Why players churn
We all think we know why players leave games. Or at least, every developer moderates their game on the pre-conceptions they have about churn. Maybe they limit the ads shown, or they may reflect these ideas in their on-boarding process. But, what are the realities about why players leave?
Is there only one dominant reason, or are the reasons different for players who leave at different stages of the game?
If we knew the answers to these questions, developers could identify those at risk and adjust the game for those specific players. So, what’s the best way to find out, and what type can you learn from predicting churn?
Before you start, you must have access to event level game data. We would typically track a month’s worth of new installs through their engagement with the game, so the actual data set for these players will be up to two months. There are two typical methods used, one that predicts whether the latest session played will be the last, which uses binary classification methods, and another that calculates the number of subsequent sessions a player will play after a given session, predicting the value using linear regression models.
Based on the linear regression model, which is often simpler, we aggregate the player data for each day of play, based on selected metrics. Working out which metrics to use is a combination of experience and trial and error. From our experience, we know there are several metrics which can generally perform well when it comes to identifying defined player segments, and so we’ll start by testing these on our data to see if these metrics distinguish unique player behaviors.
These are some of the typical metrics we use, plus others that may fit the specific game. The number of metrics we test, depends on the complexity of the game.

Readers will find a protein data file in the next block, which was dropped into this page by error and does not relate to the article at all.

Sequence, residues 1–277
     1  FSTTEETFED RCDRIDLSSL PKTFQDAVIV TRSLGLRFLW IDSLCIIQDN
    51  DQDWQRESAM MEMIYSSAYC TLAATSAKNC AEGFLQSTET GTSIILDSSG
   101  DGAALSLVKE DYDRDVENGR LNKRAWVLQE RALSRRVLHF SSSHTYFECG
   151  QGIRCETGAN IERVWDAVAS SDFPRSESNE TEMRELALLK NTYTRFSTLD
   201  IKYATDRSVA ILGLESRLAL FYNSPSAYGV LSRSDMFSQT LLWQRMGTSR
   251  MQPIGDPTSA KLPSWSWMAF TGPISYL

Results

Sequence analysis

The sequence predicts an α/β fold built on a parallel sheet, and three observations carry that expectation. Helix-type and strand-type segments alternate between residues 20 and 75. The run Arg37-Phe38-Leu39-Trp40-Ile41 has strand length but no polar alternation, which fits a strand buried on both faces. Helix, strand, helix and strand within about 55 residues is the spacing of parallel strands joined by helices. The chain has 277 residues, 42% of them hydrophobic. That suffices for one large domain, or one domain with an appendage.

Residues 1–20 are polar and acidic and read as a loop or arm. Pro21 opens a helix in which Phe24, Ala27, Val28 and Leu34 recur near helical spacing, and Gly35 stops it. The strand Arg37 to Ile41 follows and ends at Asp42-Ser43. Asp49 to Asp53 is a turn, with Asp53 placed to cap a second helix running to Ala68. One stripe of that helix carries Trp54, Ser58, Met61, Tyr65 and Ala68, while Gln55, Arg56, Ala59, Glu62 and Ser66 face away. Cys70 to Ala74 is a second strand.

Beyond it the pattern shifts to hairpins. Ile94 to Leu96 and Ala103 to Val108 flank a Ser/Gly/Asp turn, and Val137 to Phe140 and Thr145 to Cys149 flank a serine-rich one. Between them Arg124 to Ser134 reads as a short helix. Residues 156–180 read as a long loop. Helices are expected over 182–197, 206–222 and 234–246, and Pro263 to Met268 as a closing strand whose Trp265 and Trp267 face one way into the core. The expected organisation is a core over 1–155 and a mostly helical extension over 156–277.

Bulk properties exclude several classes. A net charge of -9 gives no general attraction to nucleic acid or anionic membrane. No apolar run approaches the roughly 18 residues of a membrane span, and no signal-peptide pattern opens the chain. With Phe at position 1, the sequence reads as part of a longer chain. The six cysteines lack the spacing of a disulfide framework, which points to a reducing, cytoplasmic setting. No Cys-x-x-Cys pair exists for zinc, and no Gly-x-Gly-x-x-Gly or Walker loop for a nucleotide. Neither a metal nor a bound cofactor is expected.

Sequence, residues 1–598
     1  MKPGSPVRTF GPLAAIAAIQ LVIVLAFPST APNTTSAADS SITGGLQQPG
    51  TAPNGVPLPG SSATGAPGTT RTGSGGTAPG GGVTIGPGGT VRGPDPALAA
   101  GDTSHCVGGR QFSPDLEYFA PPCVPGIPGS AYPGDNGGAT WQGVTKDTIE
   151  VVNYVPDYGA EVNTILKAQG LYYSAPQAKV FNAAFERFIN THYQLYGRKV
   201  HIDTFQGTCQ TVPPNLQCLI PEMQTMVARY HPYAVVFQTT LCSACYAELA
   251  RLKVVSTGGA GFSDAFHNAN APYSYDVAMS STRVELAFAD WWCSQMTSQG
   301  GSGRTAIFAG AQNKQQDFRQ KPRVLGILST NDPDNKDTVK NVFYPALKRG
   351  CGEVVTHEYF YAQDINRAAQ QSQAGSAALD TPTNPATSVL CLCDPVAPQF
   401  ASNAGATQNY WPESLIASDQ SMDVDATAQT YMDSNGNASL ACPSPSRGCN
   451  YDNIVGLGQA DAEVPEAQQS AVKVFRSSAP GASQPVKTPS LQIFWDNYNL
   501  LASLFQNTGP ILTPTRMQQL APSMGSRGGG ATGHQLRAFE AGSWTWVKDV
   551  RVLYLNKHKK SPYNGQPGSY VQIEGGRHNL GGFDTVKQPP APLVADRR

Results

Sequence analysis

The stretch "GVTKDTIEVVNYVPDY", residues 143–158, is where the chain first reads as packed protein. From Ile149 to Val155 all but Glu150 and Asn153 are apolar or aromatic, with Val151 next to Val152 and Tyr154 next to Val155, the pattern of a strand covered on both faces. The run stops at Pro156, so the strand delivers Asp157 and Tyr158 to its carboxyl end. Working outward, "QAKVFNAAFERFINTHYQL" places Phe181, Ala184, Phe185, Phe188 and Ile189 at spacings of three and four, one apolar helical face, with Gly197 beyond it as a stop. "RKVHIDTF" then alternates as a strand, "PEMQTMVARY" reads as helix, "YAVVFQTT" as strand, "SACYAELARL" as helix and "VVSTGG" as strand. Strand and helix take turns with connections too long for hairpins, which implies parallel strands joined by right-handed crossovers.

1. Activity – How much do they play?
Frequency and length of sessions are a simple detail to track for players.
2. Competency – Are they good at the game?
We often base game competency on the top score a player achieves, but this is highly dependent on the player’s progress, so it is usually normalised by the median score achieved by all players that are on the same day since install.
While score is the overall most important measure of competency, in most F2P games, non-spending players will need to employ tactics within the game to grind sufficient currency to maintain their progress. This can involve completing missions to earn grind currency, so when this is the case, we also include the total number of missions completed as a measure of competency.
3. Spending – Do they have the right ideas for doing well?
A simple measure of how much a player has spent (up to a given day) is a good guide to showing how aware players are of the items available for purchase with grind currency and how they impact gameplay.
Real money spends are not considered for churn modelling, as they don’t add much statistical significance, due to the typically low fraction of players who make in-app purchases.
4. Progression – How quickly do they progress?
Where the main aim of the game is to level-up, we assign an integer to the level of progress. Where the aims are more complex, we would assign an integer based on a combination of the factors involved.